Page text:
KENYA, Dadaab: Hagadera and Ifo Camps , 1997

9 images Created 18 Oct 2016

I visited Dadaab in 1997. As we touched down on the dirt airstrip, two machine gun mounted jeeps drove along side us. We took an armed convoy to Hagadera Camp. The next day we took an even more heavily armed convoy for a short visit to Ifo Camp.

The Dadaab refugee camp complex in northern Kenya is one of the largest in the world. They were formed more than twenty five years ago and mainly house Somalis fleeing or forced out of that country’s civil war.

I was completely unprepared for daily life at a refugee camp. At the time, I was in Kenya working on a street photography project. I accepted an offer from a friend working with the Canadian Red Cross to visit Dadaab. I knew absolutely nothing about the situation.

My stay was short and memorable. It was my first introduction to Islam. I was startled to see a functioning society: schools; shops; local government. I listened to horrific stories about women being raped while searching for firewood outside the camp perimeter.

Seven years later I visited several internally displaced persons (IDP) camps in northern Uganda. If Dadaab was and is the high water mark for refugee camps, then the Uganda IDP camps were the worst of human settlements. The northern Uganda experience scarred me especially concerning IDP camps.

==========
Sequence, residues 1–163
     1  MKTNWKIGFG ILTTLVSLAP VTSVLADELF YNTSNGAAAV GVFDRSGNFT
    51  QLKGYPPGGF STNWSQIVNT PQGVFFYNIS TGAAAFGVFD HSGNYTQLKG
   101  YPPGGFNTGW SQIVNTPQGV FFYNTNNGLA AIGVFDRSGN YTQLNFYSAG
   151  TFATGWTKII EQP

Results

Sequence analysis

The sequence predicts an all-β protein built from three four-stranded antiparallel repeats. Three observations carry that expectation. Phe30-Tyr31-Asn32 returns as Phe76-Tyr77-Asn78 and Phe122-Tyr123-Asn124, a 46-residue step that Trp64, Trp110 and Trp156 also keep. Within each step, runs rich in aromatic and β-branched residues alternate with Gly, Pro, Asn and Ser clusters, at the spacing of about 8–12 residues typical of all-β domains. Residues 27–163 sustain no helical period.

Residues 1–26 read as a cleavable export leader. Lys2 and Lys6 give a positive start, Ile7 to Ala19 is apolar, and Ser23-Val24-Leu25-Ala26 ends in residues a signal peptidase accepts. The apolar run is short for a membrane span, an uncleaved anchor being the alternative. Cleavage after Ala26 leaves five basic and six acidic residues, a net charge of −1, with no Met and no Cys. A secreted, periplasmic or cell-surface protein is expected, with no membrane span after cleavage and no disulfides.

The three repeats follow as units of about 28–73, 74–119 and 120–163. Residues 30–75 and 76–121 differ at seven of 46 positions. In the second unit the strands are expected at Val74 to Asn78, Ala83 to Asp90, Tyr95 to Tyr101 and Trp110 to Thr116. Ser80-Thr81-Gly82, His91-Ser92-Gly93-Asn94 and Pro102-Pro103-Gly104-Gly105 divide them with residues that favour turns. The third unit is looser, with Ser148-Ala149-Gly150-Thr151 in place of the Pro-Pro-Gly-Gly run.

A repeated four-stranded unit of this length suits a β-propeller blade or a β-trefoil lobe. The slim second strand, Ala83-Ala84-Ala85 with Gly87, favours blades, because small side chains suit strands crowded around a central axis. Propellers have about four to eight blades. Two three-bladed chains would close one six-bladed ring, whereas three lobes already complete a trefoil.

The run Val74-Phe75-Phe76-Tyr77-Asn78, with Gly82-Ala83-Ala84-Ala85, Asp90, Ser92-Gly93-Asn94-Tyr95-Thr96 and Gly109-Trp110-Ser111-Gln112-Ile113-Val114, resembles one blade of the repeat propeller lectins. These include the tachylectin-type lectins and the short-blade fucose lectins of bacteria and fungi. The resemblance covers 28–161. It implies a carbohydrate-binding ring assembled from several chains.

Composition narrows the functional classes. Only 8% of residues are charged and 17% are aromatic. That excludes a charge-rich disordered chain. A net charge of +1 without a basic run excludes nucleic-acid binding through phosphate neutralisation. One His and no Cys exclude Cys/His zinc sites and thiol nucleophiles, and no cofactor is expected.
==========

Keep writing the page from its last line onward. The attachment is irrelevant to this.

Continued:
The Government of Kenya started relocating Somali refugees from Dadaab in November 2013 after the Westage Mall attack. They made a decision to close the camps after the Al-Shabaab attack on Garissa University in April 2015.

The camps were to close in 2015 then the date was expended to November 2016 and now I read the closure may be as late as December 2018.

The repatriation efforts are voluntary at this point. Those who agree to return to Somalia are given a free bus ride and US$400. The United Nations High Commissioner for Refugees (UNHCR) reports from the period of 8 Dec 2014 to 30 Sep 2016 exactly 32,949 people have been voluntarily repatriated. Of that total, the agency reports 26,848 people left in 2016.

I am not certain what those people are returning to. My 1997 interviews suggested most of the refugees were fleeing because they were the wrong tribe. I was intrigued to discover many of the refugees I encountered were professionals and business owners. Not what I expected.

Further I understand many are arriving to IDP camps in Somalia.

Somalia today is second on “fragile states index”.
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